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Lab – Bull’s Eye





To investigate the independence of horizontal and vertical components of motion.  To predict the landing point of a projectile.


Required Equipment/Supplies



˝” (or larger) steel ball

small cup


plumb line

stopwatch or


            TI 83+ w/ Datagate pgrm





An object that is 5 m above the ground will take one second to fall to earth when dropped.   And an object 5m above the ground will take the same time to fall even if it is launched or thrown horizontally.  In today’s lab you will calculate the speed of a marble coming off the ramp and the time of decent based on the height of your lab table.  With these two measurements you can accurately predict where the marble will hit the floor when allowed to roll down the ramp and off the table.  Good luck!








Step 1 (compute the horizontal speed):  Assemble your ramp.  Make it as sturdy as possible so the steel balls roll smoothly and reproducibly.  The ramp should not sway or bend.  The ball must leave the table horizontally.  Make the horizontal part of the ramp at least 20 cm long.  The vertical height of the ramp should be at least 30 cm.






Step 2 (compute the horizontal speed):  Use a stopwatch or photogate to measure the time it takes the ball to travel from the first moment it reaches the level of the table top to the time it leaves the table top Divide this time interval into the horizontal distance on the ramp to find the horizontal speed.  Release the ball from the same point (marked with tape) on the ramp for each of three runs.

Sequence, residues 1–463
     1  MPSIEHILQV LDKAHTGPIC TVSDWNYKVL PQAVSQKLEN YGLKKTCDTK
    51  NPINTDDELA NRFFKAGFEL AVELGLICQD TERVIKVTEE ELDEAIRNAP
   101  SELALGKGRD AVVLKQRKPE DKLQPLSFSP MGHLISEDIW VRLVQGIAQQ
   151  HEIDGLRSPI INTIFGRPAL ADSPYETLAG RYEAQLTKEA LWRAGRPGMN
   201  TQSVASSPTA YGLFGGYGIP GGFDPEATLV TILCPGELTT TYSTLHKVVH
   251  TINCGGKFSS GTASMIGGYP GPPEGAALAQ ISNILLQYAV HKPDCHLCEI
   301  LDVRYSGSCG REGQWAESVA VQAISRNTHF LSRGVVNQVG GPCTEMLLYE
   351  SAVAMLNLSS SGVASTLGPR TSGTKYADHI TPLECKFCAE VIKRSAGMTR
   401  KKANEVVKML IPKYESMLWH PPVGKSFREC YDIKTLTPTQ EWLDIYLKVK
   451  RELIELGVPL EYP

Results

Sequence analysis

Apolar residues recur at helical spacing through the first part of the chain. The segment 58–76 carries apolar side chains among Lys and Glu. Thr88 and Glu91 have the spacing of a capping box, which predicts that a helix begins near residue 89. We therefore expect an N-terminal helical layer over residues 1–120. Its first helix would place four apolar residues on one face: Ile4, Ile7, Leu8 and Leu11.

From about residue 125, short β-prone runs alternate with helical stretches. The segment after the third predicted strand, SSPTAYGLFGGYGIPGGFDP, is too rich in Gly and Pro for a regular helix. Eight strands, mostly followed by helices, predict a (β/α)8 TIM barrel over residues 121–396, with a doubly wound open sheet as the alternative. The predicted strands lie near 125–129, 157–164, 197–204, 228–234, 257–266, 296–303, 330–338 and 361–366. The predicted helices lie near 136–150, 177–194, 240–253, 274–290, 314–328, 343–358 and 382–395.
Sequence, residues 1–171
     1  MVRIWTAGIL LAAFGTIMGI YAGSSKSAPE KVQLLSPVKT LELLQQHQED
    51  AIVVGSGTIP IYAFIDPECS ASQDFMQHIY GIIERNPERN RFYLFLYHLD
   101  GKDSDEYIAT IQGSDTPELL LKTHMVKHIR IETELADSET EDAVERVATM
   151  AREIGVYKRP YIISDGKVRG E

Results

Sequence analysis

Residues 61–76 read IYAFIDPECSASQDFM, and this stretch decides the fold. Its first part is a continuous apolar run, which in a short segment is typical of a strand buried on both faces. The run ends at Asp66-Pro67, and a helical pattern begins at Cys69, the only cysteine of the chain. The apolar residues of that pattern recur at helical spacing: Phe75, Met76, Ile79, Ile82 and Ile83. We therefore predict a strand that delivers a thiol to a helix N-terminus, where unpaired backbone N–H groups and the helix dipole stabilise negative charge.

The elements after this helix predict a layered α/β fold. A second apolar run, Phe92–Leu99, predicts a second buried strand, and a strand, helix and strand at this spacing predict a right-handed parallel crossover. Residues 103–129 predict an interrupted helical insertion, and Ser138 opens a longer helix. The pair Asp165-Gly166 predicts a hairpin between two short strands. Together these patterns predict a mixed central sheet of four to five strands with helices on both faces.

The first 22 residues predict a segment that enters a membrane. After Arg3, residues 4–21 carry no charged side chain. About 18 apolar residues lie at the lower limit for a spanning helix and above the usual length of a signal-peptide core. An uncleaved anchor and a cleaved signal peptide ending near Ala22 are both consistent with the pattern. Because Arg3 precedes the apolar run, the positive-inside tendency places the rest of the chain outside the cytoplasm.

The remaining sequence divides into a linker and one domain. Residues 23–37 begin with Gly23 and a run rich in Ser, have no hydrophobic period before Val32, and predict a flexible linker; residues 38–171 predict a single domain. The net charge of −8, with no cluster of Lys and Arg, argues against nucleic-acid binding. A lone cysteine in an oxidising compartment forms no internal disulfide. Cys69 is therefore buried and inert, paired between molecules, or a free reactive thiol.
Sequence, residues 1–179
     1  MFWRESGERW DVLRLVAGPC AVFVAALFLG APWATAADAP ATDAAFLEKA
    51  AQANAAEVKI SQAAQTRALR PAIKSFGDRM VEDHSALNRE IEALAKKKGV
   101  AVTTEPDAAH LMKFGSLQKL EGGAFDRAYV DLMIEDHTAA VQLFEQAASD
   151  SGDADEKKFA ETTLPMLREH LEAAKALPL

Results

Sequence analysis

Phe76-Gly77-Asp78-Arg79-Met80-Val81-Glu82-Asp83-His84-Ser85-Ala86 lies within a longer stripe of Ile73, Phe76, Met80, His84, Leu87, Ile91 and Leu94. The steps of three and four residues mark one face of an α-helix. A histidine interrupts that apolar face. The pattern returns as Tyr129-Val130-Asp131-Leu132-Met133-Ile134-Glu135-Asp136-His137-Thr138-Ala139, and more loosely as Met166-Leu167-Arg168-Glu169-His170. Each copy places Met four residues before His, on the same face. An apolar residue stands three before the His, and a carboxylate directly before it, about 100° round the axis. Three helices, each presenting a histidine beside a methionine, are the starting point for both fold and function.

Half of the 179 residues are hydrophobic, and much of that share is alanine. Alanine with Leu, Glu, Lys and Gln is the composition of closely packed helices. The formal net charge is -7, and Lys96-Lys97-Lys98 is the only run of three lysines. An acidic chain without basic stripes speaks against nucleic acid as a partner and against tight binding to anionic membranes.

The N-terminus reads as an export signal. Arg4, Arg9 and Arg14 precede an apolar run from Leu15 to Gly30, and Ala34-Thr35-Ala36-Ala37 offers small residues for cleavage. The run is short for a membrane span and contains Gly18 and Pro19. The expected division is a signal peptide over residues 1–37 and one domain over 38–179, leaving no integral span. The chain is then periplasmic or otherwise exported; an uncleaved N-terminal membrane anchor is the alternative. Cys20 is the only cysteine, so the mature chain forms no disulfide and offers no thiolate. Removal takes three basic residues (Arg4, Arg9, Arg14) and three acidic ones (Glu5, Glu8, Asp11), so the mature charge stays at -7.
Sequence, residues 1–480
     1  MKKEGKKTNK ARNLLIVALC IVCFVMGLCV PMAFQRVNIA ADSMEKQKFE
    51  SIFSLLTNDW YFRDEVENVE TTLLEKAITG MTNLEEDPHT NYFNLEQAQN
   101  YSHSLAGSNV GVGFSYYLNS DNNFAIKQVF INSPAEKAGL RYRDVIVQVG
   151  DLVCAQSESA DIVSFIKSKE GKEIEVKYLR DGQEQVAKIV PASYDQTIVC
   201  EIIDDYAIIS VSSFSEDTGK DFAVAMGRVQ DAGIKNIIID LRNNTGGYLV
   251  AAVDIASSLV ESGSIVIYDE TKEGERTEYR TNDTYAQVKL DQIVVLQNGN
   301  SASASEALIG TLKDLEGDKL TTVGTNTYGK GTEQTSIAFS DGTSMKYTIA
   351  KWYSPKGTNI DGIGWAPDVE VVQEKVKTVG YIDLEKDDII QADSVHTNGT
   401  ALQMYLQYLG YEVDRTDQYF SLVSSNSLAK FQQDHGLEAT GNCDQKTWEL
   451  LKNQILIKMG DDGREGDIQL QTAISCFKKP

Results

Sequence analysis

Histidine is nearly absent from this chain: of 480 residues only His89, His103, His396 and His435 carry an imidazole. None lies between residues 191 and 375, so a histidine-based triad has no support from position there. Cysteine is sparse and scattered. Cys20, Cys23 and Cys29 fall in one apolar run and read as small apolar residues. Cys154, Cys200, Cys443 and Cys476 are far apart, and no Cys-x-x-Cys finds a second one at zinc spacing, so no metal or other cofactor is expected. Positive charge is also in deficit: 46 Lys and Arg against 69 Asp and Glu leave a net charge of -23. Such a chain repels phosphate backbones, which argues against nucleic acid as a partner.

Do not permit the ball to strike the floor!  Record the average horizontal speed of the three runs.


                                    Horizontal speed =                                          


Step 3 (measure the vertical distance):  Using a plumb line and a string, mesure the vertical distance h the ball must drop from the bottom end of the ramp in order to land in an empty soup can on the floor.


1.         Should the height of the can be taken into account when measuring the vertical distance h?  If so, make your measurements accordingly.


                        h =                                          


Step 4:  Using the appropriate equation from the discussion, find the time t it takes the ball to fall from the bottom end of the ramp and land in the can.  Wright the equation that relates h and t.


                                    Equation for vertical distance: =                                           


Show your work in the following space.








Step 5 (predict the range):  The range is the horizontal distance of travel for a projectile.  Predict the range of the ball.  Write the equation you used and your predicted range.


                                    Equation for range: =                                                   


                                    Predicted range d: =                                                   


Place the can on the floor where you predict it will catch the ball.


Step 6 (test your prediction):  After I have checked your predicted range and your can placement, release the ball from the marked point on the ramp.  See whther the ball lands in the can. 





2.         Compare the actual range of the ball with your predicted range.  Compute the percentage error.  (We’ll discuss the formula)


3.         What may cause the ball to miss the target?


4.         You probably noticed that the range of the ball increased in direct proportion to the speed at which it left the ramp.  The speed depends on the release point of the ball on the ramp.  What role do you think air resistance had in this experiment?